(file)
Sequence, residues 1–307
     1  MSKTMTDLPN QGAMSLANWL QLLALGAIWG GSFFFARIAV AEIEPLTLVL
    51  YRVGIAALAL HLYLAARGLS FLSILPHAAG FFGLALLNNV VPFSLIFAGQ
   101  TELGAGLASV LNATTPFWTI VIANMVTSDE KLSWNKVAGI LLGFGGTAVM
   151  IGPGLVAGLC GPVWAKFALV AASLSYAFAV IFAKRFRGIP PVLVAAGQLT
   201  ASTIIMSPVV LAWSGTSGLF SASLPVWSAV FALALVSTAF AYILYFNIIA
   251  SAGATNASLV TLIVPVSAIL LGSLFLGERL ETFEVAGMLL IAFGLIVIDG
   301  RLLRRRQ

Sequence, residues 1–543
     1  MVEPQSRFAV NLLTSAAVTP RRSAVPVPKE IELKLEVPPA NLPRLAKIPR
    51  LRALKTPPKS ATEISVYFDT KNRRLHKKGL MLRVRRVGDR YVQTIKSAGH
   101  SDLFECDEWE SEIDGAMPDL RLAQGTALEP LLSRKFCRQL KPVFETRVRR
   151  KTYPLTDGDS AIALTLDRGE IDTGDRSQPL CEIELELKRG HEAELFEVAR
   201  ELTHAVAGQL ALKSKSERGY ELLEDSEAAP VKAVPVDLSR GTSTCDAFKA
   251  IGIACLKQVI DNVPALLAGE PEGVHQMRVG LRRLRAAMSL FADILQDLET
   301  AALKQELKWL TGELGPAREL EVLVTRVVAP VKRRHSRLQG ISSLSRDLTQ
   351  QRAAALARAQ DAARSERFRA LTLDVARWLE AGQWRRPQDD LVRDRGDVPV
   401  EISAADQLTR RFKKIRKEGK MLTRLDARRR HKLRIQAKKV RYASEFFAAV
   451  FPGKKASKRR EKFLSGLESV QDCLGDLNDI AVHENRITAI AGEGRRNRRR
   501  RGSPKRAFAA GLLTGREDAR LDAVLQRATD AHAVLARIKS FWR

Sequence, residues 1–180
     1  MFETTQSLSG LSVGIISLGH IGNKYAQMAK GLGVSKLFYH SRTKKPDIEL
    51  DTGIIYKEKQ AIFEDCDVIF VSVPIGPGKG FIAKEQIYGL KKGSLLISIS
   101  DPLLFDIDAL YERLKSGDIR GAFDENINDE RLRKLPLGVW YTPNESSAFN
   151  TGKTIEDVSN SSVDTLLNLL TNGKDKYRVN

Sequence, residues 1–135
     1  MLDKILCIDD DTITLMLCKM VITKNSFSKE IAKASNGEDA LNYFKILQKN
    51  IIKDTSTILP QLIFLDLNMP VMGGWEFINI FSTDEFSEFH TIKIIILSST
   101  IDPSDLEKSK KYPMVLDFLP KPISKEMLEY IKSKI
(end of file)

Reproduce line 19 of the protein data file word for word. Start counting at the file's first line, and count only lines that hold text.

   451  FPGKKASKRR EKFLSGLESV QDCLGDLNDI AVHENRITAI AGEGRRNRRR